That my underlying belief is that "people are people" and that each one of us, as we are able, should live our lives toward this belief and the world would be a far better place for it, could be understood as "white supremecy" is one of the most strange views I have heard in my life.

Peg K

At 8:47 AM, Blogger Noah TA said...

Peg K, sometimes people can discredit themselves, by there use of words and phrases that are intuitively seen as not true. You saying that you “see people as people” are akin to people saying they do not see color. These statements are on their surface fallacious. Even if one is colorblind biologically, they still can see different shades. Saying that you simply see people as people implies that you do not discriminate, when we all know that you and everyone else do.

I am sure that you discriminated in choosing who to marry…no doubt…or at least I hope you did. I am sure that you did not marry the man you married without being guilty of RANKING and thus filtering and discriminating the pool. You probably discriminated on the bases for his ability to provide, as well as many other factors. I am also sure that it was not just by happenstance that he happened to be white…or Jewish. Hence, you do not see all people as people, if you did, you could have married a poor black women, because she is just as much people as the next person.

I now that I have distorted your intention, because you were simply saying that you do not discriminate based upon race. That might be true in intent, but not necessarily true in effect. It is good that you were reared to not be an intentional racist. However, the next journey is to practice not being a racist in effect. That is more difficult because many of your self interest are tied to beliefs and ideologies that manifest a reaction that has disproportional racial impact and thus racist in effect. That is because institutional racism and whites supremacy is such a part of the structure of this society, which whites simply looking out for their interest and privileges works to the detriment of far more blacks that it works to the benefit of.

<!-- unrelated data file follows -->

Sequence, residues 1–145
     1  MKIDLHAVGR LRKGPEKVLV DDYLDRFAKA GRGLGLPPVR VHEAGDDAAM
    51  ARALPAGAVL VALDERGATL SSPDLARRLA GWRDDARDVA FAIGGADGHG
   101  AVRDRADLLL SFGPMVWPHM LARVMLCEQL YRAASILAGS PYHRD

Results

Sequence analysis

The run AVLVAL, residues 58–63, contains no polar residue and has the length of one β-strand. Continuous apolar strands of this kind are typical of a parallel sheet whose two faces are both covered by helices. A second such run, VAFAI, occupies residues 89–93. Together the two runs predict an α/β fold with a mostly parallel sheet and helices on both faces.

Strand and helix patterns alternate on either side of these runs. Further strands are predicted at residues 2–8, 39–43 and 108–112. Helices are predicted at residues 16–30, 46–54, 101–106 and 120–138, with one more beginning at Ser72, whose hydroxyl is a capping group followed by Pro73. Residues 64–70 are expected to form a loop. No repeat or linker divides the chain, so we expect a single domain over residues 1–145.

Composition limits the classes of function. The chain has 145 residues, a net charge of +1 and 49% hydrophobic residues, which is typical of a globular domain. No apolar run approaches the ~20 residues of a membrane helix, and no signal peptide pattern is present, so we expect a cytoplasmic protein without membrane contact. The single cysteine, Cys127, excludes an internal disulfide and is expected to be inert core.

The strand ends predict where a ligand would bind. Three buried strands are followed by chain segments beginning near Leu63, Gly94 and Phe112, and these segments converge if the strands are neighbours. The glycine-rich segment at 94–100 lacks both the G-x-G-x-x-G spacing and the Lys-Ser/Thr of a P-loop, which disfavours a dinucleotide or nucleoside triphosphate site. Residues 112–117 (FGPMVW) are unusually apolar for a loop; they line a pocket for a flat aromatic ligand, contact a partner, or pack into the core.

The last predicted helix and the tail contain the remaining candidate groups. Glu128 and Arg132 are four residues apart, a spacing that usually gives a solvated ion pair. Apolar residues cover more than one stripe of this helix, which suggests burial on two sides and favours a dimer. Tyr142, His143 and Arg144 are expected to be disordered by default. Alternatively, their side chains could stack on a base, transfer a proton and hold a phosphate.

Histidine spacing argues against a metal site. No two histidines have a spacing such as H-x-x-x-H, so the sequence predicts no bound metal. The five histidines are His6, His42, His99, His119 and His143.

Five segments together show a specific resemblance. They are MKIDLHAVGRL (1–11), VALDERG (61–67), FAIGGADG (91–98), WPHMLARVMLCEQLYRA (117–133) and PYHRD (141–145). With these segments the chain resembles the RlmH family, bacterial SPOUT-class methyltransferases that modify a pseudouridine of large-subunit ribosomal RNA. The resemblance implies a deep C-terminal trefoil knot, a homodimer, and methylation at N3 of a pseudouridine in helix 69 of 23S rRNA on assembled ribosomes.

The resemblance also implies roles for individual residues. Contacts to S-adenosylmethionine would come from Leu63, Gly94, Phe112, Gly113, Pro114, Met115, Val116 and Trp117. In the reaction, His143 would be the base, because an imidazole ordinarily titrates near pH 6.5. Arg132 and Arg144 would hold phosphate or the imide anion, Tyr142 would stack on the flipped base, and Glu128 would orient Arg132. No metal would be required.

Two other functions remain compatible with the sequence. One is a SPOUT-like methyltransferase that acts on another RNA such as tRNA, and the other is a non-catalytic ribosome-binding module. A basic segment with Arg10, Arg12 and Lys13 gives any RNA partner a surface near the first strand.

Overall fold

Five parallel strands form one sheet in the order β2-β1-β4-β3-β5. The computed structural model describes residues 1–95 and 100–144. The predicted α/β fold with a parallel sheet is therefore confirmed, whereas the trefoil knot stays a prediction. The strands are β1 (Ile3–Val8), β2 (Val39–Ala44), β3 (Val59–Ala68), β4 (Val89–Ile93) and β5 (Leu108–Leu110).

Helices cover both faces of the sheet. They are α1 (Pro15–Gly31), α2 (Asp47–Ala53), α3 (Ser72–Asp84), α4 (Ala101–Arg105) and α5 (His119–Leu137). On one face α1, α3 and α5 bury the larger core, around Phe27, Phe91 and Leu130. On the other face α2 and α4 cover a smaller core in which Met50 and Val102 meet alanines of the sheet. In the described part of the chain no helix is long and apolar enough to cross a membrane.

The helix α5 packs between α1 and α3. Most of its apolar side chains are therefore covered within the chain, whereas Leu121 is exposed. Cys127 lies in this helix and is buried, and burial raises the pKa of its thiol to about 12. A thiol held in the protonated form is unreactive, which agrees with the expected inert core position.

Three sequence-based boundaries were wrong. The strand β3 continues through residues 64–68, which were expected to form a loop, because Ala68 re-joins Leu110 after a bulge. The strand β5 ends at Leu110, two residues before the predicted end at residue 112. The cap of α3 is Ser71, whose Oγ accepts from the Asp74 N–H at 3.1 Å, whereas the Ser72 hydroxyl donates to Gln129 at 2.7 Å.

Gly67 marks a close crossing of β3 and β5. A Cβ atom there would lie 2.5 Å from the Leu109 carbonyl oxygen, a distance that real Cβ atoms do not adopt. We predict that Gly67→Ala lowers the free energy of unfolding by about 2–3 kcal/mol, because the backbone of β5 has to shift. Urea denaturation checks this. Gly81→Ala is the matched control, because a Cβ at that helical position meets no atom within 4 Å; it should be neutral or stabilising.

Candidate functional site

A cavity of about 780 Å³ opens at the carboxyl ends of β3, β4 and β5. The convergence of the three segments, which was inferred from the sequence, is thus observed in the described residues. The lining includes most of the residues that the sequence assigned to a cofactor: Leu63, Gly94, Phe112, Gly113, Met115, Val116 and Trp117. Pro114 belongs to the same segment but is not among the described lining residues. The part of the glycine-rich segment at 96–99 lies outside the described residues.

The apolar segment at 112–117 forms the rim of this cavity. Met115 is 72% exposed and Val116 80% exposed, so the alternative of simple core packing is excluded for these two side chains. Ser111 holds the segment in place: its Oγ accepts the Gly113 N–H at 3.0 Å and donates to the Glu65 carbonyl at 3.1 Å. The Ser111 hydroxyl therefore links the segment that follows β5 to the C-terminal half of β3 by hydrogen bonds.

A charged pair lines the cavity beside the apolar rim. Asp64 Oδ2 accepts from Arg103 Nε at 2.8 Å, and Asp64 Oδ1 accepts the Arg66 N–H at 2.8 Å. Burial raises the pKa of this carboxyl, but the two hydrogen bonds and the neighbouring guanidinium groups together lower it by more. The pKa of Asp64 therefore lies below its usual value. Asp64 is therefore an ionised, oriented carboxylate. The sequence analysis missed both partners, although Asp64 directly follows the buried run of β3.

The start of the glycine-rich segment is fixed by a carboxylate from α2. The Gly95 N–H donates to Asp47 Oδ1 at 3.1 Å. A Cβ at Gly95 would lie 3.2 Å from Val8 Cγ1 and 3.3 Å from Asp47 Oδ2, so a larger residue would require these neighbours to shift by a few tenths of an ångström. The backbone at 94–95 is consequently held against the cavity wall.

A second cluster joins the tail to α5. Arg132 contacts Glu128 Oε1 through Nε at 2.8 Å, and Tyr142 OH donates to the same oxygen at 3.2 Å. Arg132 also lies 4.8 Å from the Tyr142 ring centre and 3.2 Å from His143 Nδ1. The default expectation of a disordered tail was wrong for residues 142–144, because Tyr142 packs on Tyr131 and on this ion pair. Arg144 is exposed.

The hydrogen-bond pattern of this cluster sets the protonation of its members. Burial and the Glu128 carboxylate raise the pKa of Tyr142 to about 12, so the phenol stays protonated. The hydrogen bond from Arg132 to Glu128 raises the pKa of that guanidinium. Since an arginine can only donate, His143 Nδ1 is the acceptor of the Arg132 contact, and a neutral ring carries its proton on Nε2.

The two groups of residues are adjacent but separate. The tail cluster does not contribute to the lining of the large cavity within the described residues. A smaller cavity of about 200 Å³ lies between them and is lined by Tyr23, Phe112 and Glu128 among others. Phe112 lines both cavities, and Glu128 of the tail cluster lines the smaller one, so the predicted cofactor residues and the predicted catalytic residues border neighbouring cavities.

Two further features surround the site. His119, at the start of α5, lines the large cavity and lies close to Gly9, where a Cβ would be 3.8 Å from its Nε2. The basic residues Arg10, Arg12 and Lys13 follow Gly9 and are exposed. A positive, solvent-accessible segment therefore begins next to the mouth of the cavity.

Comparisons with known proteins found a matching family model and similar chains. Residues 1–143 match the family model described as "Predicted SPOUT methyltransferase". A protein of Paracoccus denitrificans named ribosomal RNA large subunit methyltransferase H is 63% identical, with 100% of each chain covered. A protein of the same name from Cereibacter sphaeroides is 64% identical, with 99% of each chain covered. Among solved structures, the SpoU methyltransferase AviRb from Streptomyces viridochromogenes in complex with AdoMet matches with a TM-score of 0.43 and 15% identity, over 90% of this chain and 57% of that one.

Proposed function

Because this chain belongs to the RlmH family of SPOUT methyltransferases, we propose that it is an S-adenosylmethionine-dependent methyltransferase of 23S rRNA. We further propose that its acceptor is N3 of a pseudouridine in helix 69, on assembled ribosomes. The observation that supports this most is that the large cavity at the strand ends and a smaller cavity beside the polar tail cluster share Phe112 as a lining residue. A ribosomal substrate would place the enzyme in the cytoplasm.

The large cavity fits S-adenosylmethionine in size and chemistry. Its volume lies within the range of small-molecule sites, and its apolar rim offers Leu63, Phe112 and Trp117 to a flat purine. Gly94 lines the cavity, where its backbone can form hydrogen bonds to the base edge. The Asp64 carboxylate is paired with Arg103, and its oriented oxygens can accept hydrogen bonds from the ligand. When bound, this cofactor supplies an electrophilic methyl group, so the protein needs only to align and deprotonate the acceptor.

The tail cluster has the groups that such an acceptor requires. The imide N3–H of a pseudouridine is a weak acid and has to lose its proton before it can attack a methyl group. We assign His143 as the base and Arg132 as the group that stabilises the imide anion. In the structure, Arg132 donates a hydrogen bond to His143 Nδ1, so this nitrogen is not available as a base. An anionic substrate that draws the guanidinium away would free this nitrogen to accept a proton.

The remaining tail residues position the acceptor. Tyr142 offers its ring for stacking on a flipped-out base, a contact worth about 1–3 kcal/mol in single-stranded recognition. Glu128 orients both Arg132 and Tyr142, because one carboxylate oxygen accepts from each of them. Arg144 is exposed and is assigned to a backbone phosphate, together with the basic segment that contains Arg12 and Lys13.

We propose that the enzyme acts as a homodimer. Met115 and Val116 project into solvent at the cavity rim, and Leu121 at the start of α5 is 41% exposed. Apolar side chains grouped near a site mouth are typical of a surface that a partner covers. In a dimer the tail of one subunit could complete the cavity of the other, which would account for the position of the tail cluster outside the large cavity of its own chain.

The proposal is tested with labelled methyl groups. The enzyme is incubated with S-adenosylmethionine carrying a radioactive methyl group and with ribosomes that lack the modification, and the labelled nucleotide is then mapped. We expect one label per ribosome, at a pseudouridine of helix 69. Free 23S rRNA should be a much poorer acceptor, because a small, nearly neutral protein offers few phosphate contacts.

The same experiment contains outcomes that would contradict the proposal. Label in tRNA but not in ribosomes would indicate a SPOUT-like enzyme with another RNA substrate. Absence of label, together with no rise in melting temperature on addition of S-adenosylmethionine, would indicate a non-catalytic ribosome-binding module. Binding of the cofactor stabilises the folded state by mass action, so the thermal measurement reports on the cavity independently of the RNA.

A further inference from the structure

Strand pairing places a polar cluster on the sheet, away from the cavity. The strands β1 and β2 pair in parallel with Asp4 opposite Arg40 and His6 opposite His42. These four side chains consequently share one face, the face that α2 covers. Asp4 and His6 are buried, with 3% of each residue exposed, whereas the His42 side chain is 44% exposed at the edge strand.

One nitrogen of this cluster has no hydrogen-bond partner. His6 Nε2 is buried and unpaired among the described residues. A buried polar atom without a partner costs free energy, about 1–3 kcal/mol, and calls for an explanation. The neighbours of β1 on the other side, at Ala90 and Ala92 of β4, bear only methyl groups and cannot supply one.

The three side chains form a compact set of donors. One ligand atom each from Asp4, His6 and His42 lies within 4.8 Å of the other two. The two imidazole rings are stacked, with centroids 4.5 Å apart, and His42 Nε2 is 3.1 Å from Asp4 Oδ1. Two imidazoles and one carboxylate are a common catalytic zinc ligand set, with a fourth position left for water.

I believe that most whites have subconscious racism. I believe that most whites consciously do not want to be seem as, if not be racist. Thus, they work to consciously suppress and repress the subconscious leaning when they recognize it as a racial situation. However, when one fails to have their defense and guard up…the subconscious racism reveals itself. This is what black people pick up on. It is like a liar. I liar has to consciously remember all the lies he or she has told to protect the revealing of the truth or of their lying. When they fail to be cognizant of maintaining the lie while conversing, then certain things are reveal that are contradictory to the lie. Thus, being a racist is like being a liar….one is always on guard to maintain the lie…to others…and sometimes even to themselves.

At 11:53 AM, Blogger NmagiNATE said...

| "Nmaginate, you are so wrong about so much about me it's difficult to know where to start. - PEG K |

That difficulty is reflected in your attempt to re-direct my pin-point comments on what your statements say about what you think onto what it is you feel about who you are and how you want to be perceived.

Clearly from the logical you use and the logical context of the discussion you used those statements in, you don't have a leg to stand on. I wasn't talking about something about you that I couldn't possibly know. But, now, I am acquainted with how you think and present your thoughts. NOTHING I said was wrong about that.

| "First off, I MEANT my compliment as a compliment: period. My guess is that most beautiful people know that they are attractive..." |

Peg, I already covered this. How you simply stopped at saying, "Noah, you made a good point!" we wouldn't be having this conversation and you know it. It's what you said before and after the "compliment" were you erred and slipped into White Supremacy.

Advancing your foolish Beauty analogy...
Once your "compliments" to someone beautiful descend into makeup advise and such things that they "MUST" do to be "beautiful" again in the context of your professed ignorance can only be seen as your arrogance.

An Ugly person giving a Pretty person Beauty Tips is an oxymoron (or whatever the term is for something f@cked up like that).

| "As for my points about it being great when a black man tells something of worth to his community - I say this because so many within a community will only listen to "one of them" - they won't "hear" it from an outside" |

And what qualifies you to say that categorically as you do? And if that is so what makes you think, since this is some prevailing truism, that Noah doesn't recognize that?

Is that tidbit suppose to be the enlightening gem you had to offer? Again, there's inconsistency here.
Either your comments were a COMPLIMENT only (PERIOD! as you say) or you also intended to inform/"enlighten"... from the "outside looking in".

Which one is it PEG?
One or the other... or BOTH?

You maintain it was a compliment only.
Well, you've just hanged yourself by stating your "outside" opinion.